I’ll bet you thought today was just an ordinary day, right? Well, fellow author Mary Sutton and I decided to create our own special event, Power Play Day, in honor of our books for young readers. Mary did the below interview with me, centering around her novel Power Play: Hero’s Sword Vol. 1. For Mary’s book, power play has the political meaning of a person making a grab for control. That shadowy figure trying to undermine the Empire of the game world is the thread for her series arc: who is he, how is young protagonist Jaycee going to stop him, and the final confrontation. I’m sure intrigued!
Power play has a totally different meaning in terms of my book. Mary interviewed me on her blog about my young adult hockey novel Face-Off, which tells the story of twin brothers Brad and T.J. McKendrick and their rivalry both on and off the ice. Ice hockey fans will know that a team is said to be on a power play when at least one opposing player is serving a penalty, and the team has a numerical advantage on the ice. I’m super-excited to chat about this book as not only is Face-Off available in paperback and e-book editions, but the audio version is brand new to Amazon, Audible and iTunes this month.
Mary Sutton, also known as M.E. Sutton, authored the book Power Play: Hero's Sword Vol.1.
So there you have it! Put together two books for juvenile readers, two behind-the-scenes interviews, and two authors procrastinating on writing their next books, and you have Power Play Day
. I hope you enjoy reading Mary’s interview below and then hopping over
to mine. A software technical writer during the day, Mary Sutton has been making her living with words for over a decade. She writes the HERO’s SWORD middle-grade fantasy series as M.E. Sutton. She also writes crime fiction under the name Liz Milliron.
You were writing even in middle school. How has your writing style and subject matter evolved over the years?
I hope it’s gotten a lot more mature, that’s for sure. When I wrote in middle-school, it was very simplistic. I wasn’t very popular, so I wrote to escape that awkward social scene. The stories didn’t vary a whole lot. I was the heroine. I was everything that I wanted to be, but wasn’t – cool, tough, wisecracking, and pretty. I didn’t write crime fiction at all. It was mostly fantasy – I guess you’d call it urban fantasy. I found some of it a few years ago, and it was really pretty dreadful. Since then, I’ve learned a lot of craft I just had no clue about as a 13-year old. Things like backstory and passive voice, and “head-hopping.” My writing voice sounds a lot more polished now and I’m able to write both male and female POV (although my writing group members say everything definitely has my “stamp” on it). The one thing that I think has kind of stayed the same is the base subject matter. There’s always a sense of the protagonist “finding” herself or coming into her own in response to upheaval in her life. As a reader, I love watching a character evolve and grow, especially when I want her to be successful. That’s what I hope I bring to every story I write, be it middle-grade fantasy or crime fiction – a character you can root for because you care about her.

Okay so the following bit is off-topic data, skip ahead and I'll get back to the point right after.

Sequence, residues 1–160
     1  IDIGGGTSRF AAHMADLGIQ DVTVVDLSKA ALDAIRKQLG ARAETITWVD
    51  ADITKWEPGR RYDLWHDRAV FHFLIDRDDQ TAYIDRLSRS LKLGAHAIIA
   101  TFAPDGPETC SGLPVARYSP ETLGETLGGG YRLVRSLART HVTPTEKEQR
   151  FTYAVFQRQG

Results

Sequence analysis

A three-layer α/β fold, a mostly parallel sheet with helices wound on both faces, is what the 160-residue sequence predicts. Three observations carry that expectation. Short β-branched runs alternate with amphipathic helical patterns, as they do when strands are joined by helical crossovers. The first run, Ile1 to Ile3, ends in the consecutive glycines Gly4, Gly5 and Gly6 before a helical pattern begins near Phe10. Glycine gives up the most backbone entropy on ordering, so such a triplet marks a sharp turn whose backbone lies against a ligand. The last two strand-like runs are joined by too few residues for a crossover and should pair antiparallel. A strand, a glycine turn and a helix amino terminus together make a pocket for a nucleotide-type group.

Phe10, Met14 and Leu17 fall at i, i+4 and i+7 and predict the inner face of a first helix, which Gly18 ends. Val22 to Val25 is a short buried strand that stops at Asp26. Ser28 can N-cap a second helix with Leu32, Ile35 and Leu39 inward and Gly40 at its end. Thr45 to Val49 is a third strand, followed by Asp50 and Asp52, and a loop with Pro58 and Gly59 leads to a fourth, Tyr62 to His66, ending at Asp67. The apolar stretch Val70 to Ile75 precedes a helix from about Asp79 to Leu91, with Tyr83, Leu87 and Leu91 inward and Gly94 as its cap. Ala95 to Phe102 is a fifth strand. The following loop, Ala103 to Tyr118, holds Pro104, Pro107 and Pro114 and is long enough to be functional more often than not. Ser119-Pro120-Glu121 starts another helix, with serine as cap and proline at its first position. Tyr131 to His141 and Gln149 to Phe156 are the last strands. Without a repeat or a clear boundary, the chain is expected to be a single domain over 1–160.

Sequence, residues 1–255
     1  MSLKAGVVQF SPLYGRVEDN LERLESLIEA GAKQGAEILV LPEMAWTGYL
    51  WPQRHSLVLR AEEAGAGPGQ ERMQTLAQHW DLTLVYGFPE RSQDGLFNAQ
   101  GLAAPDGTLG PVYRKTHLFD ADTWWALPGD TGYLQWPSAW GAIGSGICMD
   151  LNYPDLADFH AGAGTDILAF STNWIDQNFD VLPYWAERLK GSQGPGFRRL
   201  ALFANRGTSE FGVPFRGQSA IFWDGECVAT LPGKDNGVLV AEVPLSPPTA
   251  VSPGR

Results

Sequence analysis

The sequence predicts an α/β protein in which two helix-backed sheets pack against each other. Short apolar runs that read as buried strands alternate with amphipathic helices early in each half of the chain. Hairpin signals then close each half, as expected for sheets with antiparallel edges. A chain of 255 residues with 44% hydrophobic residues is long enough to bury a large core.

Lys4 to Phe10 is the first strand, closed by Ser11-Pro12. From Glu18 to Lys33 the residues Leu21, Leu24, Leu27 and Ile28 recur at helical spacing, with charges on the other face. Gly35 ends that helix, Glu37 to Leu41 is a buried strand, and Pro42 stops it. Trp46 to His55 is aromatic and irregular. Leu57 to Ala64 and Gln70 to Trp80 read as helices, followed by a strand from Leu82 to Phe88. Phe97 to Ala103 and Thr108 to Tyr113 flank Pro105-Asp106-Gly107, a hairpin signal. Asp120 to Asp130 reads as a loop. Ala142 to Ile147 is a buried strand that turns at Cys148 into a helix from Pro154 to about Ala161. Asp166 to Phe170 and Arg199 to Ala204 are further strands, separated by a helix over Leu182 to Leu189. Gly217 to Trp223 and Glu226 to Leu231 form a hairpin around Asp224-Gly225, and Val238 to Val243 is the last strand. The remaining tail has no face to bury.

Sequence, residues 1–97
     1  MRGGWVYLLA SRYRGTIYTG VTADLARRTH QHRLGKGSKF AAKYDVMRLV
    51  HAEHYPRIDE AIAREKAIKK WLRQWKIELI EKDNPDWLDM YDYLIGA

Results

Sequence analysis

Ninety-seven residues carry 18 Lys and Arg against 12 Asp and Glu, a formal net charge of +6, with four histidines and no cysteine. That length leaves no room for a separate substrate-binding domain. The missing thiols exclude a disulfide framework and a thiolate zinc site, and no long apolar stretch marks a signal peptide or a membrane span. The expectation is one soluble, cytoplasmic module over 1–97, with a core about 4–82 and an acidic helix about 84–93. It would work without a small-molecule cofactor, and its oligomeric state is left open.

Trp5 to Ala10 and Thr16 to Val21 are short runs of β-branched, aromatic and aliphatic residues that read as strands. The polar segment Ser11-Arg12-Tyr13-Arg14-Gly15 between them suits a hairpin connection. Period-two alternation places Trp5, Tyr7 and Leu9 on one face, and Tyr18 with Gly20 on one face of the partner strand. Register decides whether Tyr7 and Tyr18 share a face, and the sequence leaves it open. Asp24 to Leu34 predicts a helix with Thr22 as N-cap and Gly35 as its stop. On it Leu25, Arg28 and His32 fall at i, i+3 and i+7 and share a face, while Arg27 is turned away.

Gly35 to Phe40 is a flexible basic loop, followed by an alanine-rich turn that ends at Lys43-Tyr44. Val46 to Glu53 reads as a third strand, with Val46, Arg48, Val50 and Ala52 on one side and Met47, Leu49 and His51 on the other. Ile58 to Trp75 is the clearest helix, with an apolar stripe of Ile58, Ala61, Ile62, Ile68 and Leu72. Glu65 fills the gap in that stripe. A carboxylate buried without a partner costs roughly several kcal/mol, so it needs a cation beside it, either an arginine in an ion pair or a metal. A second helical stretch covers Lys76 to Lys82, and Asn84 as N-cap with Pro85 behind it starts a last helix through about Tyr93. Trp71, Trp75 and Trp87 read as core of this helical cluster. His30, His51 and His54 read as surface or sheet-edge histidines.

How did you get the idea for Power Play: Hero’s Sword Vol. 1? Could you tell us about the book?
I got an introduction to my publisher through Facebook. He had the idea for e-books targeted to young people – maybe ages 7-10. He had some vague idea of a book based on a video game and asked me to make a pitch. So I thought, what does every kid who likes video games thing about? Being part of the game, especially if it’s a role-based game, such as Dungeons & Dragons or World of Warcraft. That got me thinking: what would happen if a girl, a fan of such a game, got a magic controller and found herself in the game as her avatar character? What would she do? And the idea for Hero’s Sword was born.
In the first book, Jaycee orders a brand-new controller. But when it arrives and she plugs it in, she finds herself in the world of Hero’s Sword as her character, Lyla Stormbringer – who is, of course, a heroine. She finds herself on a quest for the lady of the estate. Along the way, she has to work to solve that mystery – but she also learns a little about herself, things that she can use to help her survive eighth grade, especially against her nemesis, the captain of the cheerleading squad.
How did you come up with the character of Jaycee Hiller? What are some of her qualities and will she be the protagonist of future books in the series?